Reporter Who Survived Midair Crash Now on Risky 'Libel Tourism' Journey
On Sept. 29, 2006, Joe Sharkey survived a midair collision 37,000 feet over the Amazon between a Brazilian 737 and a business jet. All 154 aboard the 737 died when it reportedly may have nosedived after making an evasive maneuver. Sharkey and all six others on the damaged business jet survived after the pilots eventually spotted a runway on a military base deep in the jungle and made a successful emergency landing.
Now he is on another risky journey. In the latest example of the “libel tourism” that has become a growing trend in recent years, Sharkey has been sued—in Brazil—by a woman he had never before heard of who is the widow of a man who died in the accident. She contends that Sharkey’s reporting on the plane crash—in the United States—dishonored her country, as she is permitted to argue under Brazilian law in her home country, explains Sharkey in an Editor & Publisher column.
Sharkey incited ire from multiple readers in South America, he explains, by defending the work of the American pilots of the business jet, who were accused in Brazil of criminal negligence, and criticizing the country’s air-traffic control system. He also, as he now admits, might have exercised better judgment by not posting occasionally on his blog what he describes as stock Keystone Cops and Three Stooges photos.
The problem is, from his standpoint, the widow’s lawsuit could strip him financially, because it targets his personal blog rather than his freelance work as a columnist for the New York Times, according to Sharkey, who wrote about the midair crash for the newspaper in 2006. Last week, he was served in his home state of New Jersey with a copy of the lawsuit and a New York law firm has been retained to enforce a potential judgment against him.
Another writer, Rachel Ehrenfeld, lost such a defamation case when she was sued in the United Kingdom by a wealthy Saudi businessman over her 2003 book Funding Evil. Although the plaintiff is now dead, she can’t travel to Britain. However, a New York law protects Ehrenfeld’s assets from seizure as a result of the foreign defamation judgment over comments that would be permissible in the U.S., Sharkey says.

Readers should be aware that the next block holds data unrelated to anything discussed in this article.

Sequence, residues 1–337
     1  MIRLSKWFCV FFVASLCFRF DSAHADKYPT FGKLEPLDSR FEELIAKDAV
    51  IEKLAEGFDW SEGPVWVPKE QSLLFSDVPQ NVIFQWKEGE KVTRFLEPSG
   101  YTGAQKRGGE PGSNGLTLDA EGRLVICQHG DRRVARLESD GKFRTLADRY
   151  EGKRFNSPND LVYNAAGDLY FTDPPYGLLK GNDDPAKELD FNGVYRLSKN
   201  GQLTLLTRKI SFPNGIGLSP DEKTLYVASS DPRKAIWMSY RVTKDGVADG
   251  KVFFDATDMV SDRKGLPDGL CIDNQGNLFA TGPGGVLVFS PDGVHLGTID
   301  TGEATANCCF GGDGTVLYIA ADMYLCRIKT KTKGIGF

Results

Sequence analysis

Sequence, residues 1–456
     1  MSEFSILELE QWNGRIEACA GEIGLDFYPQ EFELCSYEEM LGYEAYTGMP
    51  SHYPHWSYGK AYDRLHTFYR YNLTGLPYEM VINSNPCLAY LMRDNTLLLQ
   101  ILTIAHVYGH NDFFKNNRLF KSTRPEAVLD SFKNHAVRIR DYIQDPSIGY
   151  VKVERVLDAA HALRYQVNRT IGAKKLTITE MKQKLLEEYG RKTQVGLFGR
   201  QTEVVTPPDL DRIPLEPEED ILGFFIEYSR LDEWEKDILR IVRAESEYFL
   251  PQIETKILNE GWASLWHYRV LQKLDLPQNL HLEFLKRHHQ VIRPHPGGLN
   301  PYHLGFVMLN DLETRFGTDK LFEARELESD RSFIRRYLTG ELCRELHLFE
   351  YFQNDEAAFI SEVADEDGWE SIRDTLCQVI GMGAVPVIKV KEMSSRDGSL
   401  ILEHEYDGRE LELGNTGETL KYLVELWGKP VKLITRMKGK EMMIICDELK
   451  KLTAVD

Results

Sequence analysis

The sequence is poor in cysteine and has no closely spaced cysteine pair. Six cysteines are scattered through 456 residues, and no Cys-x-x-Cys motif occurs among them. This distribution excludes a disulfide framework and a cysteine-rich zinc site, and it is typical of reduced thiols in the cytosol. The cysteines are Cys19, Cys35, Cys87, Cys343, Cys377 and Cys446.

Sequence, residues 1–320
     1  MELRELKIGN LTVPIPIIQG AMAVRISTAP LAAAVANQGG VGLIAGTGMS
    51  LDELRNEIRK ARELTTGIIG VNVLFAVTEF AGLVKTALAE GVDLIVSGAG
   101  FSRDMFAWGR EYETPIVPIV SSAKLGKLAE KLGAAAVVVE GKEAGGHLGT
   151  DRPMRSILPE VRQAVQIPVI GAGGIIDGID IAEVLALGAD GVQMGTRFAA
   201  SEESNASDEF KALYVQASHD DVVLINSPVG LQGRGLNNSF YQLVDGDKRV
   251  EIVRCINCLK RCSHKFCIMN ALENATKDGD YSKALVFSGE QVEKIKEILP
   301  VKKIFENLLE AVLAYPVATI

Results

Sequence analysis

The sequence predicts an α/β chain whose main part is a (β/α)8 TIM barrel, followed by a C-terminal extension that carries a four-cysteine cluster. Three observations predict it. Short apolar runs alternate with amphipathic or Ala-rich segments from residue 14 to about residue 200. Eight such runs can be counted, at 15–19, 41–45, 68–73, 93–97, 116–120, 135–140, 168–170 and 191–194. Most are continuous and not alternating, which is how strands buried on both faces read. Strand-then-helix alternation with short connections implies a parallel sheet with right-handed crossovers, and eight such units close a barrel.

New Jersey has no such law, and a proposed federal law, the Free Speech Protection Act of 2009, is seemingly going nowhere,
Due to anti-American feeling in Brazil, a judgment against him “seems to be a foregone conclusion,” writes Sharkey. “That’s where this becomes a very important issue of free speech in America. If Brazil can claim a ruinous judgment in the U.S. against an American citizen who has ‘offended’ that nation, what is to stop any other country—Iran? Libya? North Korea?—from trying the same tactic? And it could be directed not just against a journalist or blogger, but also an academic, a researcher, an analyst, an entertainer, a casual traveler who writes something that is deemed insufficiently respectful.”
Sharkey’s article doesn’t include any comment from the plaintiff or her legal counsel. However, a Brazil magazine article about the lawsuit filed by Rosane Gutjhar in 18th lower civil court in Curitiba in October 2008 describes the suit as an attempt to call Sharkey to account for allegedly intervening to protect the business jet pilots from Brazilian justice. It quotes one of Gutjhar’s lawyers, Oscar Fleischfresser, as saying that the libel case is “a way to halt, effectively, his illegal and damaging behavior, in detriment of the widow and all other Brazilian citizens.”
The suit is seeking damages for pain and suffering and a court-ordered apology in the same media in which Sharkey made the comments at issue in the litigation.
Earlier related coverage:
BBC (2007): “US pilots blamed in Brazil crash”
Newsday (2006): “L.I. pilots in Brazil crash welcomed home”
Overlawyered (2008): “NYT travel columnist comments on air crash, gets sued in Brazil”